In the four completed transfer windows since the plan was introduced, 19 players have been signed on permanent deals and a further 12 loaned in.
Many fit the mould outlined by Evans, including Emyr Huws, who was 23 when he signed, while profits have also been turned on more experienced players Joe Garner and Martyn Waghorn just a year after their signing.
Those deals, along with the departure of Adam Webster, funded the rebuild job under Paul Hurst and now a January rescue bid under Lambert.
Much of Hurst’s transfer business fitted the bill of bringing in players ‘in the early stages of their careers’ with the likes of Kayden Jackson, Ellis Harrison, Jon Nolan, Gwion Edwards and Janoi Donacien all in their early to mid 20s and seemingly on an upward trajectory from the lower leagues.
The intent has been there but, sadly, many of the deals have not worked out as hoped. Huws has been sidelined by injury for almost his entire Ipswich career, since signing permanently, while it’s widely accepted too many players were brought in from the lower leagues during Hurst’s one transfer window.
Much of the money gained from the sales of Waghorn, Webster and Garner has been used on new recruits, which include the loan signings of Trevoh Chalobah, Matthew Pennington and Jon Walters, with further outlay again coming this January with temporary moves for Will Keane, Callum Elder and Collin Quaner.
Maintaining a stable management and coaching team
Ipswich’s managerial situation was the definition of ‘stable’ during the six years of McCarthy’s reign.
But his departure has triggered a series of events which has seen the Blues have three full-time managers in a calendar year.
Paul Hurst’s arrival saw him bring assistant Chris Doig, fitness expert Nathan Winder and physio Chris Skitt with him, with compensation paid to Shrewsbury for his services.
All four left the club following Hurst’s sacking, with Lambert’s arrival seeing Stuart Taylor (assistant), Jim Henry (fitness coach), Matt Gill (first-team coach) and Jimmy Walker (goalkeeping coach) arrive.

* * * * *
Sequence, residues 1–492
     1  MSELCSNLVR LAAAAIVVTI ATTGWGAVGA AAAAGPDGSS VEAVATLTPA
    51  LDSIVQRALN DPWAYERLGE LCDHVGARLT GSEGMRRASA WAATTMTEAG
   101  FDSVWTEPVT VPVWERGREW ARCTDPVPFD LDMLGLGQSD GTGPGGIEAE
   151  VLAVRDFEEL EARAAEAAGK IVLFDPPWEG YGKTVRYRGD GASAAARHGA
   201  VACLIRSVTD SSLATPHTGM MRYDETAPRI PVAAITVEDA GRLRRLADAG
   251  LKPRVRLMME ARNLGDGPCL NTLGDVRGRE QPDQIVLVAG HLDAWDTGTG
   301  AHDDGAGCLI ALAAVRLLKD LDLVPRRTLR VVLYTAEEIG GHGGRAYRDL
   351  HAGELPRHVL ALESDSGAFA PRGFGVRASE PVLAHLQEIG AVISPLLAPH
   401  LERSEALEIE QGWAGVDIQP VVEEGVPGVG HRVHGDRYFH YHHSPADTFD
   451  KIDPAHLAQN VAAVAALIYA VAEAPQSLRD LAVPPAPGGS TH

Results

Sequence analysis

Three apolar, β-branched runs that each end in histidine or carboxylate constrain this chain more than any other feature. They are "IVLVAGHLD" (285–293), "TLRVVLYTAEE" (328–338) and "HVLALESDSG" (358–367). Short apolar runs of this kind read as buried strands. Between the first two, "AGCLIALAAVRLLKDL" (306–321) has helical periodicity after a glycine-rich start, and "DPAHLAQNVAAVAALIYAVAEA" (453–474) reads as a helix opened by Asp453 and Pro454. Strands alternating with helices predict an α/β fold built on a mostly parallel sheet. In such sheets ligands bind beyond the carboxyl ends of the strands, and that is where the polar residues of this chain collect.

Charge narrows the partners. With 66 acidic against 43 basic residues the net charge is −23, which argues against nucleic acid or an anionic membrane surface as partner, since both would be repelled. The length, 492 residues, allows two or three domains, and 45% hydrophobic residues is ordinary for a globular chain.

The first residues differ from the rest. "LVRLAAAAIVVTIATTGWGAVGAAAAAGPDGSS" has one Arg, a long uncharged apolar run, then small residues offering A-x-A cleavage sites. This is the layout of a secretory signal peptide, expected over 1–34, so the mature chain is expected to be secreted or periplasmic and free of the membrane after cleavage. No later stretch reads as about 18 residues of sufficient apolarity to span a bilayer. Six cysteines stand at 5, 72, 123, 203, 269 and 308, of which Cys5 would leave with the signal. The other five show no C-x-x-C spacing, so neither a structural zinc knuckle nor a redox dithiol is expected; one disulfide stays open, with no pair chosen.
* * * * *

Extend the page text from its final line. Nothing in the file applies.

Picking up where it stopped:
That turnover will have come at considerable expense.
Hurst’s sacking came once Evans came to the conclusion a change was needed to try and survive in the Championship, with the owner insisting in the plan that he will continue to back his managers for ‘as long as is realistic’.
To develop a team to play attractive and exciting football
This point of the plan is, in many ways, out of Evans’ hands.
In parting ways with McCarthy and a style of football perceived as ‘negative’, the Ipswich owner has made the managerial changes necessary to try and fulfil this part of his plan.
Hurst’s Ipswich showed promise during pre-season and flashes of the high-energy, entertaining football the former boss spoke about following his summer appointment, but in reality he was never truly able to put his brand on the field.
Lambert, on the other hand, has transformed Ipswich into a ‘front-foot’ side who use the ball quickly and instinctively, with his side’s games undoubtedly leaving supporters entertained. The results have not followed accordingly, though, with the Blues now 10 points adrift of safety.
Of course, the fact Ipswich’s financial resource is significantly behind the Championship’s leading clubs brings limitations in this regard.
The entire basis of Evans’ five-point plan is a strategy for Ipswich Town to be competitive on the field in a division where they are unable to compete financially.
It was about finding advantages where possible and hoping lightning could strike, as it so nearly did in the 2014/15 season when the Blues made the play-offs.
In truth, all five sections of the plan are points the majority of football clubs up and down the league pyramid will aspire to.
Evans has stuck to his approach but, the stark reality is, barring a miracle, Ipswich are now facing up to the fact next season may well see them playing in League One.
There has been bad luck and poor decisions made along the way, of course, but it’s all resulted in the position Ipswich Town currently find themselves in.
It’s stating the obvious to say the plan hasn’t worked and, two years on, it only serves to highlight the growing importance of money in the second tier and the disparity Ipswich Town find themselves facing.
Lambert has already begun to conduct his own root-and-branch review of how the club is run and it remains to be seen what plan will be in place to help the club recover from a nightmare season, whichever division they find themselves in come the summer.